Mobile Banking Survey Report, January 2013 / P3IF THEY DON’T USE IT, THEY’LL LOSE IT(AND YOU MAY LOSE THEM)Mobile banking apps are expected to improve the relationship between customers and their bank byproviding an easier, faster and safer way to manage their finances. Yet, if the app isn’t useful,consumers are likely to delete it.Varolii’s research shows that, of those who have downloaded a banking app, roughly 40 percent saythey have thought about deleting it. Patience is even thinner among the newest banking customers—46 percent of 18 to 34 years old have considered dumping their bank’s app. This raises the questionof where current mobile banking apps are falling short of meeting the “easier, faster, safer” desires oftheir users.Don’t risk losing momentum toward widespread adoption of mobile banking by ignoring customerfeedback. Data collected from surveys like this one and user ratings in the mobile app stores canprovide key insights on how your applications could be improved.No longer are banking customers satisfied with just checking their account balance. They increasinglywant—and expect—to be able to conduct more advanced functions like depositing checks andreceiving real-time notifications on account activity from their mobile banking apps.HOW STRONGLY DO YOU AGREE OR DISAGREE WITH THEFOLLOWING STATEMENT - I HAVE CONSIDERED DELETING MY BANK’S APP?(AMONG THOSE AGES 18 - 34)
Mobile Banking Survey Report, January 2013 / P5WHAT WE HAVE HERE IS A FAILURE TO COMMUNICATEMobile device users feel that a bank’s responsibility extends beyond simply providing access toaccount management features. Nearly 2 in 3 (64 percent) believe it’s their bank’s responsibility toimmediately alert them when they have a low balance or insufficient funds to pay a bill.And, the younger the customer, the more strongly he or she believes in the importance of banksbeing proactive; nearly 3 in 4 18-to-24-year-olds (73 percent) believe they should hear from theirbanks versus just over half (56 percent) of those 55 years or older.More than half (54 percent) also want to be notified if there is unusual activity on their account or ifsomeone makes a change to their account information.IT IS MY BANK’S RESPONSIBILITY TOIMMEDIATELY ALERT ME WHEN I HAVEA LOW BALANCE OR INSUFFICIENTFUNDS TO PAY A BILL.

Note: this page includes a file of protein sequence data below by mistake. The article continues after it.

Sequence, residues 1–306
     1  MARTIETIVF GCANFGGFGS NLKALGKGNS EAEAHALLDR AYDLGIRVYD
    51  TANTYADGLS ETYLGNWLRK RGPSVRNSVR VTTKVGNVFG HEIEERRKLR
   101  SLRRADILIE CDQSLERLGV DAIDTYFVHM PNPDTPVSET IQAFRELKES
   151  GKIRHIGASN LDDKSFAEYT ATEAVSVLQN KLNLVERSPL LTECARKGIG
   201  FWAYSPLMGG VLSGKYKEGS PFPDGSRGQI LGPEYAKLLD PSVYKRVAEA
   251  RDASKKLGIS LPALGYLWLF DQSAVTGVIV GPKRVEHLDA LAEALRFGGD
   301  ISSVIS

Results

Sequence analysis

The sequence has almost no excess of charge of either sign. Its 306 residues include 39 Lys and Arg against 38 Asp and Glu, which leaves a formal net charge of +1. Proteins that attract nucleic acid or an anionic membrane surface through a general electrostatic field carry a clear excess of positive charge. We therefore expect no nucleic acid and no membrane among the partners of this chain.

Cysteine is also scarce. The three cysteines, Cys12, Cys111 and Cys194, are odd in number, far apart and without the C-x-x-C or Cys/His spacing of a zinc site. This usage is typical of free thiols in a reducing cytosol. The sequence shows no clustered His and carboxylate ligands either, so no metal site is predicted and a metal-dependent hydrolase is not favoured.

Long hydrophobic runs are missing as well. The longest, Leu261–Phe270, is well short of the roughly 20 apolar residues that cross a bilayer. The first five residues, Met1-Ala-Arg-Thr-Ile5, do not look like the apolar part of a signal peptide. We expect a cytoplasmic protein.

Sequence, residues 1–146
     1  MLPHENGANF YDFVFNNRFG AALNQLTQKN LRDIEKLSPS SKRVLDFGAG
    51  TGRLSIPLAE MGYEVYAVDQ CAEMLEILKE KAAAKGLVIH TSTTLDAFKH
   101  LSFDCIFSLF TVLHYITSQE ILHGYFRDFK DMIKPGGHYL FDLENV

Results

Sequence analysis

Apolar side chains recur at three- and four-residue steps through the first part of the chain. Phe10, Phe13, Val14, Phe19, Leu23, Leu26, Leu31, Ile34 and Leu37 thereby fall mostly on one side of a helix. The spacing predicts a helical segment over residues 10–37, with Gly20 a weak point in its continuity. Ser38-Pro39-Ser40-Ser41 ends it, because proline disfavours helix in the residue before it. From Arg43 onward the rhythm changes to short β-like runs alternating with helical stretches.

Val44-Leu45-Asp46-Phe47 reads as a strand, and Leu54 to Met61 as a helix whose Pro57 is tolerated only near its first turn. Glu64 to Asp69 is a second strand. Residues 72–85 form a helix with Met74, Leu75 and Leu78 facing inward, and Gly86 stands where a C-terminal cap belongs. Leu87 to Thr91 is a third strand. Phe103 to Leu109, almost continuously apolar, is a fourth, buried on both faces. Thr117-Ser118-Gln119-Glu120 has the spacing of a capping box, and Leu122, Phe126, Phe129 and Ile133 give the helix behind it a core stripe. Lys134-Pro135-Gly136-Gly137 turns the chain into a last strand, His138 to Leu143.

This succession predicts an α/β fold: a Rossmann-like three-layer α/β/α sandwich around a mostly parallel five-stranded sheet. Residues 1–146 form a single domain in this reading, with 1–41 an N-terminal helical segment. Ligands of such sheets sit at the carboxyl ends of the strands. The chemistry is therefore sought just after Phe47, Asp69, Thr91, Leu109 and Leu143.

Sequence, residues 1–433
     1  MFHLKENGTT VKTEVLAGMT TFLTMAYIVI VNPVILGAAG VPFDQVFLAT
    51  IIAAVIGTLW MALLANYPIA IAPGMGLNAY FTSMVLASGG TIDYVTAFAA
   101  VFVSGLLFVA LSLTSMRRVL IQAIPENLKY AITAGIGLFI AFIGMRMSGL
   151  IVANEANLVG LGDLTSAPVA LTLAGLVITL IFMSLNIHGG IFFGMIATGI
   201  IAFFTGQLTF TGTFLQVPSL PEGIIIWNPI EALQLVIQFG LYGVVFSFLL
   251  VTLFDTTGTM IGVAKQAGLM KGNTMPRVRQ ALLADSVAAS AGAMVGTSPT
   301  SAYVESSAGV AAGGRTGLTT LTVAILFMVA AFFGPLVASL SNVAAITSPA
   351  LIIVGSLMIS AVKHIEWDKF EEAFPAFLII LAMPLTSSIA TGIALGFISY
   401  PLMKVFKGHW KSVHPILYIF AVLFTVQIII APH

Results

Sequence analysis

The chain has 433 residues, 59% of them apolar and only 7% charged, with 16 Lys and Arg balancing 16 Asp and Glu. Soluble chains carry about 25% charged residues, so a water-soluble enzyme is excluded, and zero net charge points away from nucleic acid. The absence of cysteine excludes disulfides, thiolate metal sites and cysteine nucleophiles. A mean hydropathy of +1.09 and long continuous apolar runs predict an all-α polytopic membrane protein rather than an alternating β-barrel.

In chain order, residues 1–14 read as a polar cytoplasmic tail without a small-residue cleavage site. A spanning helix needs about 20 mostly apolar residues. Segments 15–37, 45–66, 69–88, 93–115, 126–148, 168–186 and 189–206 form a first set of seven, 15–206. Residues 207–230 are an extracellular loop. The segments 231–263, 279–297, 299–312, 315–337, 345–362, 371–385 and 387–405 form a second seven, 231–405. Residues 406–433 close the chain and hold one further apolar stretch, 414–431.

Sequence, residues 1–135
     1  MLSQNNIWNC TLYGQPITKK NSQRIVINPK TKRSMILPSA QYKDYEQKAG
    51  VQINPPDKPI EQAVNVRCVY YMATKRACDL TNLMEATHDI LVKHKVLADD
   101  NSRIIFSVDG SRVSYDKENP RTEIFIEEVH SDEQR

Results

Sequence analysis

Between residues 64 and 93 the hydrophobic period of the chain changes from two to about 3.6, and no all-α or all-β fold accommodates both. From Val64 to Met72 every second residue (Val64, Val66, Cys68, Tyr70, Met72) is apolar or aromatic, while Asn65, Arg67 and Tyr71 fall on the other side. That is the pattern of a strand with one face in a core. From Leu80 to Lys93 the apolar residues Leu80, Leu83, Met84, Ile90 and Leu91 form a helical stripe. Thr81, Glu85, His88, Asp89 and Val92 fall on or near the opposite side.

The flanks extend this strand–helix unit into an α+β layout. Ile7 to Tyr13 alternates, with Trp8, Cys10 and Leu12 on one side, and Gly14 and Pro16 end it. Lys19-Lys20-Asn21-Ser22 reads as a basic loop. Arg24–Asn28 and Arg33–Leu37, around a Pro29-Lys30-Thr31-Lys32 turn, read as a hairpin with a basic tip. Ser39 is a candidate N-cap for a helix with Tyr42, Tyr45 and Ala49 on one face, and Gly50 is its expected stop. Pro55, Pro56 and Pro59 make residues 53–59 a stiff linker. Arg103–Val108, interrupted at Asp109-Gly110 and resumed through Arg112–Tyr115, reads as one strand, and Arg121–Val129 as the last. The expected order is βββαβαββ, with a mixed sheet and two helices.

Mobile Banking Survey Report, January 2013 / P7Nobody likes to be surprised when it comes to money, especially if a bad situation could have beenavoided with forewarning. Mobile banking users think such warnings should be delivered through theirapplications. Pushing notifications of low balances, unusual activity or loan payment due dates to themobile application gives customers the opportunity to take immediate action to avoid costly andembarrassing situations. And since the mobile application itself provides the means to fix most ofthese problems, its value is reinforced with every actionable notification. Other top functions that consumers want in their banking application: • Ability to make payment on loan or bill (51%) • Notice of low balance (46%) • Transferring money to accounts outside of my bank (44%) • Depositing a check from a mobile phone (43%)This research shows that most banks are not meeting this need. Seventy-six percent of consumershave never received a notice of changes to account information while more than 68 percent havenever been notified of a low balance or reminder to pay a bill.Not only do they want to be contacted but many want to be reached on digital channels. The topways that consumers want to receive these notifications and reminders are by email (47 percent), textmessage (22 percent) and through their smartphone application (13 percent).WHICH OF THE FOLLOWINGMESSAGES, IF ANY, HAVE YOU EVERRECEIVED FROM YOUR BANKINGAPP?
Mobile Banking Survey Report, January 2013 / P9To drive greater adoption, banking institutions must take a more active role in helping customersmanage their finances and offer ways to proactively reach them through their applications withreal-time notifications of events that impact their accounts. By “interaction-enabling” a mobile bankingapp, banks can ultimately improve financial health and create a better customer experience.Beyond a mobile app, financial services companies also need a coordinated approach to reach mobilecustomers across voice, email, text and mobile apps with the right information at the right time.The rapid and broad adoption of mobile banking applications provides an almost unprecedentedopportunity for financial institutions to lower their cost of service while at the same time improvingcustomer satisfaction and brand loyalty. To fully realize these benefits, banks must meet customerdemands for functionality—in particular, proactive alerts. The more you use this ubiquitous channel tointeract with your customers and the more value-add services you enable through your mobilebanking app, the more likely customers will be to stay engaged with it—and with you.DO YOU USE YOUR BANKING APPMORE OR LESS OFTEN NOWCOMPARED TO WHEN YOU FIRSTDOWNLOADED IT?